Showing posts with label apple-cheddar scones. Show all posts
Showing posts with label apple-cheddar scones. Show all posts

14 September 2006

Apple-Cheddar Scones

Autumn is coming on fast here in northern Wisconsin. Last year at this time, everything was still very green. But we've had a spate of cool nights, a few damp days here and there and a host of glorious sunny days in the past few weeks. Cool nights and sunny days make for red and gold leaves.

And they are turning already, along the road out to the university and even in town. Last year's autumn was long and lingering, but I suspect this one will be quick. Our spring was earlier.

What does this have to do with food? Nothing, really, except that foods typically associated with a season enhance your enjoyment of that time of year.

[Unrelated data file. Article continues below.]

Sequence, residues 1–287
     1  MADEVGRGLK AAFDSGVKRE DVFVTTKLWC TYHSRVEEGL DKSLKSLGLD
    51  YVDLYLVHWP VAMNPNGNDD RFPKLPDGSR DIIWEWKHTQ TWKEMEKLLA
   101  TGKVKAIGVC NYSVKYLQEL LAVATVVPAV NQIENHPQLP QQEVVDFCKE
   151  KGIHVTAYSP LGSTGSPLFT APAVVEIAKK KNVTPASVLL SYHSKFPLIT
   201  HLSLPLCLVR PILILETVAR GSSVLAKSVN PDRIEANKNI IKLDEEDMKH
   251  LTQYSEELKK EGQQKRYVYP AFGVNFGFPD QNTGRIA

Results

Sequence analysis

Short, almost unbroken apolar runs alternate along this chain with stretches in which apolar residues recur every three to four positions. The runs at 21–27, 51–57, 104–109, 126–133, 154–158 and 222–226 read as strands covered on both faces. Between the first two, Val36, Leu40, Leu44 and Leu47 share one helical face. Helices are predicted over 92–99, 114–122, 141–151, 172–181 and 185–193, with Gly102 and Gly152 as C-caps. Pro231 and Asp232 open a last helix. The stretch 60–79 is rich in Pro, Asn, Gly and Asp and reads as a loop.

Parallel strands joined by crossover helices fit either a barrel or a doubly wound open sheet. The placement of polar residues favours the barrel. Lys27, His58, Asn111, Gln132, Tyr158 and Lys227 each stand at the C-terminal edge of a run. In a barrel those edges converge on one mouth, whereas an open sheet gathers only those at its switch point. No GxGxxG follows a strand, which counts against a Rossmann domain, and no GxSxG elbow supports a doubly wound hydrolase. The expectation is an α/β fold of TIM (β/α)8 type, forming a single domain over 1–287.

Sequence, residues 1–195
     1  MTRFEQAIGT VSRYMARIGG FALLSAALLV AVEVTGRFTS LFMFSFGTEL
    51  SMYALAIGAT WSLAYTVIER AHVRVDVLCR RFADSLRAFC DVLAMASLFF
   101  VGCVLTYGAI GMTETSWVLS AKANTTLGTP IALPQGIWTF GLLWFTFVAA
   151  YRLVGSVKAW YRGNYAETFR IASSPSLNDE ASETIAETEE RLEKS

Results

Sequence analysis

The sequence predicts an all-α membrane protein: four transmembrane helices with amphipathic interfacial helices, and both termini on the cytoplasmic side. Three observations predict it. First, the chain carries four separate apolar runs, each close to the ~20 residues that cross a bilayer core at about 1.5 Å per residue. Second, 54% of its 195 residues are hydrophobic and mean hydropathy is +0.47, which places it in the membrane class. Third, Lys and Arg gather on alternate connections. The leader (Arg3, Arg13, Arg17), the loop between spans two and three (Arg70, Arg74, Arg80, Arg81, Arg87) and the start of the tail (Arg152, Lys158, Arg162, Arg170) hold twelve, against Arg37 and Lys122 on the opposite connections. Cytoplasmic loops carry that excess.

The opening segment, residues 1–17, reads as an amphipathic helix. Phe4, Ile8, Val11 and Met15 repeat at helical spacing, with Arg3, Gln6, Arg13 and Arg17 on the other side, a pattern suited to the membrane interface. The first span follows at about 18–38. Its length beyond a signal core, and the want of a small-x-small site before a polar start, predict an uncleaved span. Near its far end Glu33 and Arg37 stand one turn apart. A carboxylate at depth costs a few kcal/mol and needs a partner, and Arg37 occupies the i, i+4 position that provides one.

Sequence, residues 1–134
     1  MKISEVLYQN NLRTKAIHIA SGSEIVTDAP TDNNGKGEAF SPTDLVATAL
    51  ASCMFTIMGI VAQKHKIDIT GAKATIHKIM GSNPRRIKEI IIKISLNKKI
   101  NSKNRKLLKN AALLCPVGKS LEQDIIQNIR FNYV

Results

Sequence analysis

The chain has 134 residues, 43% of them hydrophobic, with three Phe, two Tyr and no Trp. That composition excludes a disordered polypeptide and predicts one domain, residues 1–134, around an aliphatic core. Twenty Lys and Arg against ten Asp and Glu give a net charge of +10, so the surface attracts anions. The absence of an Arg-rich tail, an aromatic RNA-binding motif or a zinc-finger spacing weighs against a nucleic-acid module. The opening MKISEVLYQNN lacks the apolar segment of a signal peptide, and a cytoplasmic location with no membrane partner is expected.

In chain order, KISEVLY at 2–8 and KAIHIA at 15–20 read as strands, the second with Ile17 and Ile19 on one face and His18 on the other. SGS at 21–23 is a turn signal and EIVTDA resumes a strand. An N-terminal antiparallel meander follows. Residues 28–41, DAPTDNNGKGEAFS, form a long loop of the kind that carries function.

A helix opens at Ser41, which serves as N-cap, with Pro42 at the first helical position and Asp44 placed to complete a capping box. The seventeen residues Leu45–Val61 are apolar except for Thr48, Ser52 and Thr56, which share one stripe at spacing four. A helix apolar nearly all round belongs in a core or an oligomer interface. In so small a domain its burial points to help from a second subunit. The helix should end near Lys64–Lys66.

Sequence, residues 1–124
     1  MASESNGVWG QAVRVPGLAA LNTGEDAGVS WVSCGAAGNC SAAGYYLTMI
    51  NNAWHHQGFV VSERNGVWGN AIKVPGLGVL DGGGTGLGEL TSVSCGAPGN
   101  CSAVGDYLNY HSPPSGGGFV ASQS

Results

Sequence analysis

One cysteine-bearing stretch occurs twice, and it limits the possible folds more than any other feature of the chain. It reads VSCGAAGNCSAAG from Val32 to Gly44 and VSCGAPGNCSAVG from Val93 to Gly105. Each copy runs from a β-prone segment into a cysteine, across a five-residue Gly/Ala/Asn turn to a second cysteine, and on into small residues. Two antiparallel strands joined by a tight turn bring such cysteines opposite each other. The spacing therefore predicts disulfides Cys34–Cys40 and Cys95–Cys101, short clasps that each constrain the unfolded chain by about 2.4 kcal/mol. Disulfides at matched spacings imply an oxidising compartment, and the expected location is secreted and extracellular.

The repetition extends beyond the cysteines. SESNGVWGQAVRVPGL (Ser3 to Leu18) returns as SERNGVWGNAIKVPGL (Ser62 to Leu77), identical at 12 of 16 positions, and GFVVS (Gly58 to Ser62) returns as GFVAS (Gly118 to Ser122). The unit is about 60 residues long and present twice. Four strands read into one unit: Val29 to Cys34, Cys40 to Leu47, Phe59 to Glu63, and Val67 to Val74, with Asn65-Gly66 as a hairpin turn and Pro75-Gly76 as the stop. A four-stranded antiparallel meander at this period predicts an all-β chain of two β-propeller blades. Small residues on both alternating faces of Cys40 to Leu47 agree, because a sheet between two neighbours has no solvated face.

Most people claim fall as their favorite season up here. Apples are plentiful and this being Wisconsin, so is cheese.

I baked these scones tonight (I've decided to experiment with a new seasonal recipe each month).

Apple-Cheddar-Walnut Scones

  • 1 1/2 cups flour (I used whole wheat pastry flour and white flour)
  • 1/2 teaspoon baking powder
  • 1/2 teaspoon baking soda
  • 1/4 teaspoon salt
  • 1/4-1/2 teaspoon cinnamon (depends on your preference)
  • 1/4 cup sugar (I used fructose)
  • 1/4 cup cold unsalted butter
  • 1/2 cup buttermilk
  • 8 ounces sharp cheddar cheese, shredded
  • 1/2 cup applesauce
  • 1/3 cup walnuts, chopped


Preheat oven to 400. In large bowl, combine dry ingredients. Cut in the butter, using a pastry tool or your fingers to create a grainy texture. In a small bowl, blend the buttermilk, cheese, applesauce and walnuts. Add the moist mix to the dry mix and blend thoroughly. Divide into 8 balls and place on ungreased cookie sheet or use a greased scone pan. Bake for about 20 minutes, until a knife inserted into the center indicates the scones are thoroughly baked. The scones will be a golden brown. Serve warm, with apple butter.

The true test for scones is how they do when warmed over. These held their moisture, a rare feat for a scone.